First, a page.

The devastating drought that has ravaged the West has had an upside: it has made never-before-seen sights accessible. At Lake Mead in Nevada, recreational history hunters can now dive to see a B-29 bomber, and as special correspondent Sandra Hughes reports, more evidence of a long-buried era may yet be uncovered.
    Original Air Date: December 21, 2015
    The depleted water level caused by a prolonged drought in the Western United States can be seen on Lake Mead in Nevada May 6, 2015.  REUTERS/Mike Blake  - RTX1BW0D
  • Democrats differ on Islamic State fight in third debate
    In our news wrap Monday, the man who allegedly bought the weapons used in the San Bernardino shootings that killed 14 was ordered held without bond. Also, President Obama said in a year-end interview with NPR that he's failed to keep the public fully informed about his efforts to battle the Islamic State group.
    Original Air Date: December 21, 2015
    Democratic U.S. presidential candidate former Governor Martin O'Malley (R) gestures towards U.S. Senator Bernie Sanders (L) and former Secretary of State Hillary Clinton (C) as he discusses the distraction of the campaign data breach scandal between their two campaigns during the Democratic presidential candidates debate at St. Anselm College in Manchester, New Hampshire December 19, 2015.  REUTERS/Brian Snyder - RTX1ZF6B
  • Steve Martin, Edie Brickell team up for Broadway musical
    "Bright Star," a new musical set in North Carolina in 1920s and '40s, involves hidden identities, tragedy, love lost and found and a bluegrass-style band, complete with banjo. Its creators, famed entertainer Steve Martin and veteran singer-songwriter Edie Brickell, join Jeffrey Brown to discuss collaboration and old fashioned sweetness.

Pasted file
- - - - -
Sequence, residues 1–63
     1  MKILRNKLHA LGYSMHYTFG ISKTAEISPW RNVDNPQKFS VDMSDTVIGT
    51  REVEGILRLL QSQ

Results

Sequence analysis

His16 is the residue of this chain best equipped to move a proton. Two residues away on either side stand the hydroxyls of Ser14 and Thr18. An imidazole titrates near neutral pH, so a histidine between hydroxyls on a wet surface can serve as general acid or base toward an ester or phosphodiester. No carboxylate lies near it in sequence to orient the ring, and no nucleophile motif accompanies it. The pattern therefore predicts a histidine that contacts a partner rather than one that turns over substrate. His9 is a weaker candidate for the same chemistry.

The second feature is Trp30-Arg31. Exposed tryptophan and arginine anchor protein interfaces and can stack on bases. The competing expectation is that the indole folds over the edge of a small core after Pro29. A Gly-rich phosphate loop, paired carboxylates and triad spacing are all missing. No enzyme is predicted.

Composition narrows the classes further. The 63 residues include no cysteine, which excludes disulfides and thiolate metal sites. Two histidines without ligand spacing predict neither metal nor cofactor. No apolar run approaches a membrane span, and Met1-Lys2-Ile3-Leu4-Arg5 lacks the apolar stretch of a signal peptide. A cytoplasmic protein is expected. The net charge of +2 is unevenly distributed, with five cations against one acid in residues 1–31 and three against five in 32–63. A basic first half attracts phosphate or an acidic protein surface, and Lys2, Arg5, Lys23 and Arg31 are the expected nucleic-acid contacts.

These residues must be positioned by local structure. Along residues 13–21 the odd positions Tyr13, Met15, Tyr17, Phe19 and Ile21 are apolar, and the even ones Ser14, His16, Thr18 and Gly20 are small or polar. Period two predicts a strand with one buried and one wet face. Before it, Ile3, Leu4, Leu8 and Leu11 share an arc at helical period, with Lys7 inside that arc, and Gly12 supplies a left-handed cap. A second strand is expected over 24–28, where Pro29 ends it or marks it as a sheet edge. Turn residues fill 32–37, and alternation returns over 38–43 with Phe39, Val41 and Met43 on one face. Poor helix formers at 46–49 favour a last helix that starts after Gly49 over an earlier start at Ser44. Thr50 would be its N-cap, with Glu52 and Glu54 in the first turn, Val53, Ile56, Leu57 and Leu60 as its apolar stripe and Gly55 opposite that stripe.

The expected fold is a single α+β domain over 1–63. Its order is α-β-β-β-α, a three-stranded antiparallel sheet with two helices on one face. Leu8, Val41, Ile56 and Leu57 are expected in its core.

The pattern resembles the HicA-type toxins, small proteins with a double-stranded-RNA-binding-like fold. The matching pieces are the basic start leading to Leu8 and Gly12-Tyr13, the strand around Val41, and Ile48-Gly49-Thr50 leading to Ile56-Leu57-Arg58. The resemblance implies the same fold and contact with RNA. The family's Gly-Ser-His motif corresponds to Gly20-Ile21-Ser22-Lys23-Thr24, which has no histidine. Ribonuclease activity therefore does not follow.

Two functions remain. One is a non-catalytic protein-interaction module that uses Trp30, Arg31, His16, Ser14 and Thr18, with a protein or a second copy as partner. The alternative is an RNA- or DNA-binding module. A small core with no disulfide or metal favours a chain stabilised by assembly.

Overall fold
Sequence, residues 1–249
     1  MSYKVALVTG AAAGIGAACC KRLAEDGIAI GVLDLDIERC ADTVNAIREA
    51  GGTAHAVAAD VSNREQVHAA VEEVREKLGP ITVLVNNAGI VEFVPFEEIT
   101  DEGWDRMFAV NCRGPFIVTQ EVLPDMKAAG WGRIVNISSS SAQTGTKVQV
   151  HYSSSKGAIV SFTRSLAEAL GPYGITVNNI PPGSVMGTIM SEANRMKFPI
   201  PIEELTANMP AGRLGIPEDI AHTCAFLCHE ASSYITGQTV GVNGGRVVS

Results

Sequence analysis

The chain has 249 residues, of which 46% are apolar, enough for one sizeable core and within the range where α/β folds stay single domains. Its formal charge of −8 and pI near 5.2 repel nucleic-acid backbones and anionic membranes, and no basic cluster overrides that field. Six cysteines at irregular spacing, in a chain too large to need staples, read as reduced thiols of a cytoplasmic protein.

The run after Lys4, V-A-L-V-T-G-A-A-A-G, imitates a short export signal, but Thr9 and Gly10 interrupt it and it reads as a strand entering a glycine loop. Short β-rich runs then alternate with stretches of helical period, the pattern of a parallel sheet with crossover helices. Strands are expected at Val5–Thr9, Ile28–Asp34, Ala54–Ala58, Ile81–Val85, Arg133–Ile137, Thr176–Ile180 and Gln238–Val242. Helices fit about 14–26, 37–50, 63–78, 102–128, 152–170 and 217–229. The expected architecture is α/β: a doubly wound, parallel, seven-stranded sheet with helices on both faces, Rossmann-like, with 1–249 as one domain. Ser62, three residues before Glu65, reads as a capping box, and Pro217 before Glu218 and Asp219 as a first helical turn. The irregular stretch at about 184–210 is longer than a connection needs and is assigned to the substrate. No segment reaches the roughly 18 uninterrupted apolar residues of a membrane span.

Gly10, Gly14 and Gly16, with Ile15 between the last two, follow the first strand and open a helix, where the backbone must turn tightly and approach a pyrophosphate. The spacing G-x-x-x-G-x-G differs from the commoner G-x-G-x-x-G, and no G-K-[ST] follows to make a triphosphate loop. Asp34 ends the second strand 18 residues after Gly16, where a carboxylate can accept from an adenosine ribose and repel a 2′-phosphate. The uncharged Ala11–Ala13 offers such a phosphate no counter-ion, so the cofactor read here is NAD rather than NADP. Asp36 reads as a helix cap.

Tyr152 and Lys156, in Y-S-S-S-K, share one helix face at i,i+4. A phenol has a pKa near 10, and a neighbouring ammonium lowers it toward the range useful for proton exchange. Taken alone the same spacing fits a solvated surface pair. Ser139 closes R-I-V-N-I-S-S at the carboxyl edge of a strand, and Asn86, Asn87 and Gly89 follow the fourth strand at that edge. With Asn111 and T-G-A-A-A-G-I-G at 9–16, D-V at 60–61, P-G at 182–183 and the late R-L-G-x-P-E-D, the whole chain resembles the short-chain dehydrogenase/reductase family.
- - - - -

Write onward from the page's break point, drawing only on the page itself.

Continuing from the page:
Original Air Date: December 21, 2015
    DETROIT, MI - JUNE 05: Edie Brickell (L) and Steve Martin perform with the Steep Canyon Rangers at The Soundboard, Motor City Casino on June 5, 2014 in Detroit, Michigan. (Photo by Paul Warner/WireImage)
  • Popular health insurance co-ops 'orphaned by politics'
    As consumers rush to enroll in the insurance exchanges, one change that's complicating signups is that more than half of the state-run health co-ops -- an alternative to private insurers -- were forced to shut down this year. The government was supposed to offset the costs, but Congress sharply curtailed that money. Special correspondent Mary Jo Brooks reports on the effects in Colorado.
    Original Air Date: December 21, 2015
    Liz Carlson, a self-employed student, attends a health care enrolment fair co-sponsored by Planned Parenthood of Northern New England and the State Employees Association at Great Bay Community College in Portsmouth, New Hampshire November 9, 2013. Carlson was unable to create a user account on the Affordable Care Act website,, and left with a paper application.    REUTERS/Brian Snyder    (UNITED STATES - Tags: HEALTH) - RTX156WB
  • How a new U.S. law protects lions in Africa
    African lions are getting new protections from the U.S. Fish and Wildlife Service. Five months after an American hunter killed an animal named Cecil in Zimbabwe, a new classification will help prohibit imports of lion trophies from Central and West Africa. Dan Ashe, director of the U.S. Fish and Wildlife Service, joins Jeffrey Brown to discuss the change.